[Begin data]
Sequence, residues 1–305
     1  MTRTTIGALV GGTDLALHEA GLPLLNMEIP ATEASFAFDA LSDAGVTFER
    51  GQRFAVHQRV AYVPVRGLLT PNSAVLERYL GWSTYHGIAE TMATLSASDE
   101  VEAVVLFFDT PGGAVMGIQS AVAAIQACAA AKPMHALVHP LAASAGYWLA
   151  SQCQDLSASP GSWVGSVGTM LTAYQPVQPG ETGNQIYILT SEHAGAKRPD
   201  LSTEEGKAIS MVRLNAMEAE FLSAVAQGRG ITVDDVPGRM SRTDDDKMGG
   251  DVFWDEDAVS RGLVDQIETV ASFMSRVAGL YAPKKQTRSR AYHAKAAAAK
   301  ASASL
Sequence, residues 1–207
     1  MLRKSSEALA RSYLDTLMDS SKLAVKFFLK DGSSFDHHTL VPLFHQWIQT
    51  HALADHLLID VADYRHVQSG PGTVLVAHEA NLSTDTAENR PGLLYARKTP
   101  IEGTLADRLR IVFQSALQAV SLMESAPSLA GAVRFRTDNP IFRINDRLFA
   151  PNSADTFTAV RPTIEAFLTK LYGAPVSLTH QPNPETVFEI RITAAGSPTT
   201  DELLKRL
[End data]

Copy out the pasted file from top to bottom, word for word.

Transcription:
Sequence, residues 1–305
     1  MTRTTIGALV GGTDLALHEA GLPLLNMEIP ATEASFAFDA LSDAGVTFER
    51  GQRFAVHQRV AYVPVRGLLT PNSAVLERYL GWSTYHGIAE TMATLSASDE
   101  VEAVVLFFDT PGGAVMGIQS AVAAIQACAA AKPMHALVHP LAASAGYWLA
   151  SQCQDLSASP GSWVGSVGTM LTAYQPVQPG ETGNQIYILT SEHAGAKRPD
   201  LSTEEGKAIS MVRLNAMEAE FLSAVAQGRG ITVDDVPGRM SRTDDDKMGG
   251  DVFWDEDAVS RGLVDQIETV ASFMSRVAGL YAPKKQTRSR AYHAKAAAAK
   301  ASASL
Sequence, residues 1–207
     1  MLRKSSEALA RSYLDTLMDS SKLAVKFFLK DGSSFDHHTL VPLFHQWIQT
    51  HALADHLLID VADYRHVQSG PGTVLVAHEA NLSTDTAENR PGLLYARKTP
   101  IEGTLADRLR IVFQSALQAV SLMESAPSLA GAVRFRTDNP IFRINDRLFA
   151  PNSADTFTAV RPTIEAFLTK LYGAPVSLTH QPNPETVFEI RITAAGSPTT
   201  DELLKRL